Brinter® compiles multi-part Guide to Bioprinting

news-releasesBrinter Ltd.
September 14th 2022

Turku, Finland: – Pioneering modular multi-material bioprinting platform developer and manufacturer, Brinter®, is authoring a comprehensive six-part Guide to Bioprinting.

Part 1 of the ‘What is Bioprinting’ series, posted as blogs on the Brinter® website, covers the History of Bioprinting, tracing the technology back to the birth of 3D printing in the 1960s and evolving into bioprinting with the work of Japanese pioneer Hideo Kodama in the early 1980s.

Bioprinting applications

The first chapter in the series also defines what bioprinting is and its potential applications in medicine and health care.

It shows how computer assisted 3D Bioprinting of living cells and support structures by applying materials in a predetermined form and structure enables creation of living tissue as substitutes, as well as having major implications for pharmaceutical development, by providing means of testing and producing drugs at lower cost and with closer biological relevance.

The article also discusses the potential for bioprinting to provide full bone and skin grafts, organ patches, and even full replacement organs.

About Brinter®

Founded in 2020 via partial demerger in Turku, Finland, Brinter® is the manufacturer of a modular multi-material bioprinting platform scalable from manual R&D to automated production. The company works with science and bioengineering organizations to integrate 3D bioprinting into their research, manufacturing, and treatment methods. The goal is to break through current technological limitations and improve people’s quality of life.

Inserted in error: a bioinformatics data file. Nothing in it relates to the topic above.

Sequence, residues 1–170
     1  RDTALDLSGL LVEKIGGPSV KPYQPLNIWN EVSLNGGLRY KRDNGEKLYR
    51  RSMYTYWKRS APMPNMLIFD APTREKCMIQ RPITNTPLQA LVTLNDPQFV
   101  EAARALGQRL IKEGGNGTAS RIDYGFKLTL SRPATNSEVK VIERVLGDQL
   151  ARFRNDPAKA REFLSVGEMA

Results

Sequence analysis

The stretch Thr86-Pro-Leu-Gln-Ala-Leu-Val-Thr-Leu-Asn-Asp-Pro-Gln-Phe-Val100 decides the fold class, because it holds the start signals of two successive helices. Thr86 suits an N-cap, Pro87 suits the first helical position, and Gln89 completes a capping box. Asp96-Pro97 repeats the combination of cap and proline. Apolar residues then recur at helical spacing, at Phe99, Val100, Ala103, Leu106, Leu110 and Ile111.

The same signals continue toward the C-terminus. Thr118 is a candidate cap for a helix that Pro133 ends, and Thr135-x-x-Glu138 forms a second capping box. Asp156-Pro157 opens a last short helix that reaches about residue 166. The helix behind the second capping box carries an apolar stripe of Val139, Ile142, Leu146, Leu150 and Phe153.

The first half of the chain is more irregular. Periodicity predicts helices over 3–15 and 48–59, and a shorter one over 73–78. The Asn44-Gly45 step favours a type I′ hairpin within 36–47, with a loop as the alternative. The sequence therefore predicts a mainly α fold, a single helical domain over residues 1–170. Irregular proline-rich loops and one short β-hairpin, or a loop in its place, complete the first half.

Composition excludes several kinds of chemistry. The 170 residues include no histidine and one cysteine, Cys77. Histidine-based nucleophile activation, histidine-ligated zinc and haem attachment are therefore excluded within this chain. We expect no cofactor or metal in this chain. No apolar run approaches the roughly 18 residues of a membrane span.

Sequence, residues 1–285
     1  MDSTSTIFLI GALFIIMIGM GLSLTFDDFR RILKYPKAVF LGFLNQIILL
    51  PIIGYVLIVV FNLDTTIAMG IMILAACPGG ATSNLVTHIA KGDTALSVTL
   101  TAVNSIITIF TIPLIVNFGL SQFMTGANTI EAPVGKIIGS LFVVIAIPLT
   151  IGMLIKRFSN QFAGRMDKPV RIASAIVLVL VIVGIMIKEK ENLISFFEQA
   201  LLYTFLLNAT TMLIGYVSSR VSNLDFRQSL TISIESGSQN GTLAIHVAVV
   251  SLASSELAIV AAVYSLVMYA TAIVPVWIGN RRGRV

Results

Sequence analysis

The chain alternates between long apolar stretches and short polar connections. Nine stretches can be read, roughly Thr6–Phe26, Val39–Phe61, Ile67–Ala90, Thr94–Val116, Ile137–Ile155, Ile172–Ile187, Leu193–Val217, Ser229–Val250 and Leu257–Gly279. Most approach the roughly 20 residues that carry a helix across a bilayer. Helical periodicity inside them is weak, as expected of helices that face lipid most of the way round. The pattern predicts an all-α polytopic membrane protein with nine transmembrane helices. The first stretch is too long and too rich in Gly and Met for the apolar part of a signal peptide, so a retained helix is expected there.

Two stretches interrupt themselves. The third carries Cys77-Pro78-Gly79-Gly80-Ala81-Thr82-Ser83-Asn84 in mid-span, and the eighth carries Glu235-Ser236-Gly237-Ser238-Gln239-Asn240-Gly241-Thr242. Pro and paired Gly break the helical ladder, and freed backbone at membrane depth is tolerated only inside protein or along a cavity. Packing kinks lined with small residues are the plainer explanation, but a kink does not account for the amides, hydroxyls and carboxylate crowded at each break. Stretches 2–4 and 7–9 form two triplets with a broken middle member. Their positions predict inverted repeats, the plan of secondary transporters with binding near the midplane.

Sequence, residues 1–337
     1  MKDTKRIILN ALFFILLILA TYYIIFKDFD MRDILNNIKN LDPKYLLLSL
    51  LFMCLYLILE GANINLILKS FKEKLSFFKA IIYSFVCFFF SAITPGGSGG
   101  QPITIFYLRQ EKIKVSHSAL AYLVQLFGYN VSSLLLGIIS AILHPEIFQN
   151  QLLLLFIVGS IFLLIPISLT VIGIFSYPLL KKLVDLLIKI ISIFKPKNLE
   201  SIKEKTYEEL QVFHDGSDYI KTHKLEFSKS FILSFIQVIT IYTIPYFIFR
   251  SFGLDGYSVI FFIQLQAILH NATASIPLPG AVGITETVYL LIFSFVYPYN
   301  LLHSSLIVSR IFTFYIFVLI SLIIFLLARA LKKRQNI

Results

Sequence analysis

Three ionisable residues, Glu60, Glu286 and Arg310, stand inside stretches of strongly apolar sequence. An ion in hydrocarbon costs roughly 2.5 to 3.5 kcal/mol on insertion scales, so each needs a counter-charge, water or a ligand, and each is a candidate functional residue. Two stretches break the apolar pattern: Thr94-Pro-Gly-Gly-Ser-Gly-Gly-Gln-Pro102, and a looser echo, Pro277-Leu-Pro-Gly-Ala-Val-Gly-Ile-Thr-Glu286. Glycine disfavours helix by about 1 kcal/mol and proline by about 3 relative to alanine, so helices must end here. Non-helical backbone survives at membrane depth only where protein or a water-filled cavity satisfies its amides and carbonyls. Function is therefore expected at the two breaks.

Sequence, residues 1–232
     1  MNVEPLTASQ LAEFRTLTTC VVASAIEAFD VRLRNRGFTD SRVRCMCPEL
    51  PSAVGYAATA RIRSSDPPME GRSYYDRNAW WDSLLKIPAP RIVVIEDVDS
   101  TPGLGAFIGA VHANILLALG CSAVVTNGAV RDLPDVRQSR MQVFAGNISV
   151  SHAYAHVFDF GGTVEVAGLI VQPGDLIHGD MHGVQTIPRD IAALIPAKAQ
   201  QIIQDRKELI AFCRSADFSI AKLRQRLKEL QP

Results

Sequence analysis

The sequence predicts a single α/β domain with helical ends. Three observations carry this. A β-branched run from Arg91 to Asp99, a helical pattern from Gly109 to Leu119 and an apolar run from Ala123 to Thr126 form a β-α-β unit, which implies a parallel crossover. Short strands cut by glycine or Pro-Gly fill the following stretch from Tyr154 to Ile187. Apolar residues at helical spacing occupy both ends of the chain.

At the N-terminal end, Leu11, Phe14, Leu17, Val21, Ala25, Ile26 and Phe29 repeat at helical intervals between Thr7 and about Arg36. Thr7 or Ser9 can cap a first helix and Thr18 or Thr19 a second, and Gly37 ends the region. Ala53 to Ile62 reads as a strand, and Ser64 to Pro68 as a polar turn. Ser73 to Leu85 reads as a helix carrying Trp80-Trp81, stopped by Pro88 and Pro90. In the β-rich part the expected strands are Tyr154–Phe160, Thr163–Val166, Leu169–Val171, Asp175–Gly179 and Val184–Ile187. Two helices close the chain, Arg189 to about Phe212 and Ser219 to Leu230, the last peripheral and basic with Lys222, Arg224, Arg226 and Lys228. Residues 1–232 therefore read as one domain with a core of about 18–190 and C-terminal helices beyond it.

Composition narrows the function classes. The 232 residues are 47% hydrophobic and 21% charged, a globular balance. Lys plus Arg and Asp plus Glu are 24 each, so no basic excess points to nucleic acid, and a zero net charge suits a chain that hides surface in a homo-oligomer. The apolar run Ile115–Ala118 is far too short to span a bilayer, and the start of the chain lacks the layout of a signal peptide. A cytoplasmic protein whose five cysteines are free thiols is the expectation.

Brinter® has bootstrapped its growth since 2019, when it launched its first product, and is currently active in more than ten countries, including USA, Germany, India, and the UK.

Customers of the company now include bio and pharmaceutical companies like Nanoform, as well as research organizations like VTT, BEST group at the University of Glasgow, Johannes Gutenberg University of Mainz, the University of Oulu, and the University of Helsinki, whose directors are enthusiastic about the technology’s potential.

For more information, visit


Click on What is 3D Bioprinting – Part 1 to start reading series.


Brinter® One - A Modular 3D Bioprinter

Brinter® compiles multi-part Guide to Bioprinting

Bioprinting can be used to test and produce drugs.